Resource Hub
888-891-8049
6:00-4:30PM PST MON-FRI

History of the Euro – Currencies Replaced by the Euro

by Abdullah Beydoun

What did the millennial say when he saw a floppy disk from 1995? “Look, someone 3D printed a save icon!” This little quip highlights the fact that it’s very easy to forget our past. In just a few years, a decade, or in the span of a generation, entire technologies can be lost, regimes can change, countries can restructure their politics and entire currencies can vanish into the ether. Dissolving a national currency is no laughing matter, so for the sake of documentation, we’ve created this article to remind people of how currencies existed in Europe before the EU.

Who Has Opted Out of the Euro?

To understand how things have changed under the European Union (and why millennials have no idea about it), we start with a look at the Maastricht Treaty of 1992. This was the beginning of the negotiations that led to the political and monetary unification of European nations that took place at the beginning of the 21st century. During negotiations of this treaty, the United Kingdom managed to opt out of adopting the Euro as its currency, retaining the General British Pound as its chief currency despite its membership in the EU. Denmark also retained the right to decide if it would join the Euro, along with Sweden, and both held national referendums in the early 2000s where they voted against adopting the Euro and retained their national currency.

What Currencies Have Been Replaced?

The Euro replaced a total of 19 currencies across Europe, unifying the monetary systems of nations in a way that the world has never seen before.

Here’s a list of countries that opted in to the new currency and the currencies they gave up:

Austria – Austria gave up its schilling completely when the EU was established in 2002, converting to the Euro at a rate of 13.76 schillings = 1 Euro.

Belgium – Belgium traded in francs up until 2002 when it exchanged its currency for Euros at a rate of 40.339 = 1 Euro.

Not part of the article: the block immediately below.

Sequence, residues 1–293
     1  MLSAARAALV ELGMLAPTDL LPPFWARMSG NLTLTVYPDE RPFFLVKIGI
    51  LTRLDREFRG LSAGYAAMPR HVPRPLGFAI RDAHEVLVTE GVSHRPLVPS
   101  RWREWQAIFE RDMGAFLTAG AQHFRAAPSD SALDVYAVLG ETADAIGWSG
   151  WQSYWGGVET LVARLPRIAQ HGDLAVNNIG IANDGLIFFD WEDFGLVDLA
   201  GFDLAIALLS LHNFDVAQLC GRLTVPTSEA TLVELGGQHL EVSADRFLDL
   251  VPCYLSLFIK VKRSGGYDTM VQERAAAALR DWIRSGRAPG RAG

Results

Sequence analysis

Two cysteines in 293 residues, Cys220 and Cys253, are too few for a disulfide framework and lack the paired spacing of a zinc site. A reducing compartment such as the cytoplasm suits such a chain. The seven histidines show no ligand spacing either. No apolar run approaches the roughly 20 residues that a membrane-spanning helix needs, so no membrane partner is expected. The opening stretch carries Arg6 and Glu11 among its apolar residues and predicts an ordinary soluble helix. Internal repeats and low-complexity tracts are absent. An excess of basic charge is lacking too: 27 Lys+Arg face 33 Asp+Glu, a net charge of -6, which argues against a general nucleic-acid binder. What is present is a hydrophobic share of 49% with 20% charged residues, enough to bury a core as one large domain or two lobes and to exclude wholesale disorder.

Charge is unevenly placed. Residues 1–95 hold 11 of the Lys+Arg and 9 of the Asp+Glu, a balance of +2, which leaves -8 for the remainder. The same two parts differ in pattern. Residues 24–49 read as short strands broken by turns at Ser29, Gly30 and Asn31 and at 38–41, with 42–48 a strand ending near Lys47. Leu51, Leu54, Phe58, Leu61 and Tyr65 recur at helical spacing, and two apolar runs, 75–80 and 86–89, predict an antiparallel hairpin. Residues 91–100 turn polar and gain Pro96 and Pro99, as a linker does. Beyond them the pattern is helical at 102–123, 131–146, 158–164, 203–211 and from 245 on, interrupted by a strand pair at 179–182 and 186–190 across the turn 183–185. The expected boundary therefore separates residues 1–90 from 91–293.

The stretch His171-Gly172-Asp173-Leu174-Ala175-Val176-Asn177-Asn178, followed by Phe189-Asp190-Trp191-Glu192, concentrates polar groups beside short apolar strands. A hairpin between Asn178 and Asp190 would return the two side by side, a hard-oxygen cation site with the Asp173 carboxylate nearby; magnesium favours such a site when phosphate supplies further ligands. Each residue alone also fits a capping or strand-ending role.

Cyprus – Cypriot Pounds were in circulation until 2008, and were one of the more highly valued currencies in Europe. When Cyprus gave up the pound for the Euro, it was for a favorable exchange rate of 0.585 pounds = 1 Euro.

Netherlands – Dutch guilders were relatively stable and valuable in the foreign exchange markets, but in 2002, the Netherlands gave up its own currency to adopt the Euro at an exchange of 2.20 guilders = 1 Euro.

Estonia – Estonian kroons were a relatively weak currency when they were swapped for Euros in 2011, at a rate of 15.6 kroons = 1 Euro.

Finland – Finland adopted the Euro at its inception, trading in Finnish markka for the new Euro currency with an exchange rate of 5.94 markka = 1 Euro.

France – French francs were traded openly in France, Andorra and Monaco prior to the EU. France gave up its influence to become part of the European Union, trading francs for Euros at 6.55 francs = 1 Euro.

Germany – Germany is the economic powerhouse of the EU and one of its most important founding states. German marks were traded for Euros in 2002 at a rate of 1.95 marks per 1 Euro.

Greece – The atrocious exchange rate between drachma and Euros is a telltale sign of the economic weakness that caused major problems for the EU over the last decade. Greece traded in its drachmas for Euros in 2002 at a rate of 340.75 drachmas per 1 Euro.
Ireland – The Irish Pound had the symbol IEP and was exchanged for Euros in 2002 at a rate of 0.78 pounds per 1 Euro.

Italy – The Italian economy was in a poor state at the commencement of the European Union. The country had supported the lira for hundreds of years, but traded them in at a rate of 1936.27 lira per 1 Euro in 2002.

Latvia – Latvia adopted the Euro in 2014, exchanging Latvian lats for Euros at a rate of 0.702 lats for 1 Euro

Lithuania – Lithuania joined the EU in 2015 amidst concerns for its struggling currency. It was quick to adopt the Euro at an exchange rate of 3.45 lithuanian litas = 1 Euro.

Lithuania – Lithuania joined the EU in 2015 amidst concerns for its struggling currency. It was quick to adopt the Euro at an exchange rate of 3.45 lithuanian litas = 1 Euro.
Luxembourg – One of the founding members of the European Union, Luxembourg gladly traded in its francs for the more valuable Euro at an exchange rate of 40.33 francs per Euro.

Malta – Malta joined the EU in 2008, cashing in its highly valuable lira currency for Euros at a rate of 0.429 lira per 1 Euro.

Portugal – Portuguese escudo were not widely traded when they existed, and the Portuguese were only too happy to trade in the relatively weak currency for Euros at a rate of 200 escudo per 1 Euro in 2002.

Slovakia – Slovakia adopted the euro in 2009, opting out of the Slovak koruna as its national currency. A smooth adoption took place at an exchange rate of 30.126 korunas per 1 Euro.

Slovenia – Slovenia’s struggling economy welcomed the Euro at an exchange rate of 239.64 Slovenian tolars per 1 Euro when they joined the EU in 2007.

Spain – The Spanish peseta was replaced by the Euro in 2002 at an exchange rate of 166.386 pesetas per 1 Euro.

Conclusion

The introduction of the Euro created a lot of changes in the landscape of European currency and monetary policy. The differences in exchange rates and currency valuations really highlights the differential wealth between the countries of the European Union, and those differences can still be felt today as countries try to navigate political tensions in a fragile geopolitical union. Still, we would do well to remember these currencies – who knows whether they’ll be re-established in the future?

© BNWORLD, Inc.. All rights reserved.